Aside from the Biblical and the epic conventions that make Satan and Eve appear heroic, Milton also arguably includes the generic qualities of the tragic hero in Adam. Despite the deeper spiritual affirmation of God’s greater plan and the revelation of eventual redemption of the human race, there is still a pervading sense of humanity to the reader, as Adam’s lifetime alone is broken by the fall. On a personal, individual level, Paradise Lost is a tragedy as implied by its title – Adam begins, not as a member of nobility but with strong affiliation with God himself, and by the end of the narrative he has been cast out, has learned pain, and has lost all that he previously cared for. This line of narrative follows the traditional tragic hero. Furthermore, in many ways, Adam would have been the character with whom most of Milton’s contemporary readers would relate to. As the only human male, he bore most similarity to the reader, as women generally would not have been expected to read such a complex text, and the other male characters (Satan, Christ, Raphael etc.) are inhuman, evil, perfect or simply impossibly good. Adam is flawed; he fails; he loves; his one attempted act of heroism is misguided, but we are deeply sympathetic to him for it. Upon discovering that Eve has eaten the forbidden fruit, and is destined to die, Adam’s first words are to call her the ‘fairest of Creation’ (IX.896)– evoking his pain that she has fallen, and showing his deep love for her, as his opinion of her is not yet marred by her transgression. He then resolves to die with his wife, saying How can I live without thee, how forgo Thy sweet converse and love so dearly joined, To live again in these wild woods forlorn? Should God create another Eve, and I Another rib afford, yet loss of thee Would never from my heart; no no, I feel The link of nature draw me: flesh of flesh, Bone of my bone thou art, and from thy state Mine never shall be parted, bliss or woe. (IX.908-916) This is dialogue filled with pain, passion, and an overwhelming loyalty to the wife that has betrayed his God. Loyalty and love are clearly admirable qualities, and as readers we are inclined to sympathise with his agony. Eve falls because of vanity, whereas Adam is tempted by love for his wife. In this way, Adam is playing the role of the tragic hero. Again, this is seen more perfectly in Christ, as he too sacrifices his life for love. However, instead of descending to the sin of humanity, as Adam lowers himself for Eve, Christ joins humanity through love and commitment to them, in order to raise them. He similarly stands to lose his closeness with God, as he leaves his Heavenly Father’s side to be incarnated on Earth.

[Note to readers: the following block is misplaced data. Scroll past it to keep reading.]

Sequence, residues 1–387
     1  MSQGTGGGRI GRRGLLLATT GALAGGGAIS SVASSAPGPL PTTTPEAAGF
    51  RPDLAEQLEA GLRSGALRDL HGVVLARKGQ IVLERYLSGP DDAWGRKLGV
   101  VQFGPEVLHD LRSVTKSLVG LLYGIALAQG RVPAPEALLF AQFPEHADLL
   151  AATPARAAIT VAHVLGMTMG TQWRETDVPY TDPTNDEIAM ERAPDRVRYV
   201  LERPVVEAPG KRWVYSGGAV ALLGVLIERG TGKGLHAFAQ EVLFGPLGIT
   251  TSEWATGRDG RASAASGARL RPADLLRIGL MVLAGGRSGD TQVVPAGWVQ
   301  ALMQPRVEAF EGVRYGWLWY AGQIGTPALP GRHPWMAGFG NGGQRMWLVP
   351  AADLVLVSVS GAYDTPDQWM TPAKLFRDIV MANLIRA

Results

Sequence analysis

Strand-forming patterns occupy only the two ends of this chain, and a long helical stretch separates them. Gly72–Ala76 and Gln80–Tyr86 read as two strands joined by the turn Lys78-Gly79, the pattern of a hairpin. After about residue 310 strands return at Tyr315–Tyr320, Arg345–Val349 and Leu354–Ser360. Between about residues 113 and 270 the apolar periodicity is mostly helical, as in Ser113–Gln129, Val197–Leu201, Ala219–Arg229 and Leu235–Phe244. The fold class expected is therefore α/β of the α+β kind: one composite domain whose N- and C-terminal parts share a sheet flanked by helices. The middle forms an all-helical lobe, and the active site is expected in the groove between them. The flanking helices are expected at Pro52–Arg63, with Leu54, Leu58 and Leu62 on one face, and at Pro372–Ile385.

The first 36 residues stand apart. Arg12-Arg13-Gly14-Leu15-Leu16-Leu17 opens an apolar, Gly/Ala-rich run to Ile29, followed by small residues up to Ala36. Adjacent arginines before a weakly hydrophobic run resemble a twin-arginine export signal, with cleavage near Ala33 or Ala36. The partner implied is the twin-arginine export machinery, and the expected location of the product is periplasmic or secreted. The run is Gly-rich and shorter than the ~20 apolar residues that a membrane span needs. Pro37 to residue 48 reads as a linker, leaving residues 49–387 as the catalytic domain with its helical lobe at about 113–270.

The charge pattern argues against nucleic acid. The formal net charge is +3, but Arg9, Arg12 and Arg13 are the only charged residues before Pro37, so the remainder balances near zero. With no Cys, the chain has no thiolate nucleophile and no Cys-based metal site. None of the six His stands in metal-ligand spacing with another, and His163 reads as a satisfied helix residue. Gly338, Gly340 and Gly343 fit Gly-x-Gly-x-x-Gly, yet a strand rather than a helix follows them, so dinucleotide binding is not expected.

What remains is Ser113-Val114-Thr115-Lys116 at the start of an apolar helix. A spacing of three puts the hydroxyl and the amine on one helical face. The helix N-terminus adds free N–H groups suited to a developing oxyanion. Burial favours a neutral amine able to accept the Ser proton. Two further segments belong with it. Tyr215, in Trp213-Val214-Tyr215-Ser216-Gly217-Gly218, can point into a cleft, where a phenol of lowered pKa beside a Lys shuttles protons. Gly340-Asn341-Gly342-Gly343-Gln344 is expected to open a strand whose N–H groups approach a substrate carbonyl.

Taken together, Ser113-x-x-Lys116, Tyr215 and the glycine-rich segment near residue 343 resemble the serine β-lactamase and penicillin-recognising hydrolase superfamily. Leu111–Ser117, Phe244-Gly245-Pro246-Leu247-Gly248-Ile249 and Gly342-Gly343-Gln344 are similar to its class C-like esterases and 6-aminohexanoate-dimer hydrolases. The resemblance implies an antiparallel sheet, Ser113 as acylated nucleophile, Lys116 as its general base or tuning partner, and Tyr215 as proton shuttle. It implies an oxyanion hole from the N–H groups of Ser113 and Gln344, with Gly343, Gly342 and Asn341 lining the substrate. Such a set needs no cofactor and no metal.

In each of these other characters, Milton provides a form of standard for the idea of ‘hero’ in Paradise Lost. These examples are then used in parallel with the character of Christ, who exceeds every quality in each of them. While Satan and Christ performed similar acts, with different intent, Adam and Christ share a positive motivation, but act very differently upon this. Christ and Eve both humble themselves, but only Eve had reason to. Christ is continually and progressively exalted above the imperfections of angels and humans alike, showing him to be the most heroic character of the poem. Milton plays with genre in order to depict this fully: using epic, the Bible and tragedy in turn, to show a full, rounded picture of his perfection. In “Paradise Lost: The Double-Standard”, Miller explores this more fully, explaining Milton’s partial denial of every previous form of heroism and his redefinition of the concept. Through the explication of other, minor heroes in the story, the Messiah is made ‘above heroic’.
Fish, Stanley. “Discovery as form in Paradise Lost.” New Essays on ‘Paradise Lost’. Ed. Kranidas, Thomas. New York: Univeristy of California Press, 1971. Print.
Mahood, M. M. Poetry and Humanism. London: Cape, 1950. Print.
Miller, Milton. “Paradise Lost: ‘The Double-Standard’”. UTQ 20 (1951): 183-199. Online.
Milton, John. Paradise Lost. London: Penguin Books, 2000. Print. Virgil. Aeneid. Trans.
Dryden, John. New York: P.F. Collier & Son, 2001. Online. The Holy Bible, New International Version. Grand Rapids: Zondervan House, 1984. Print.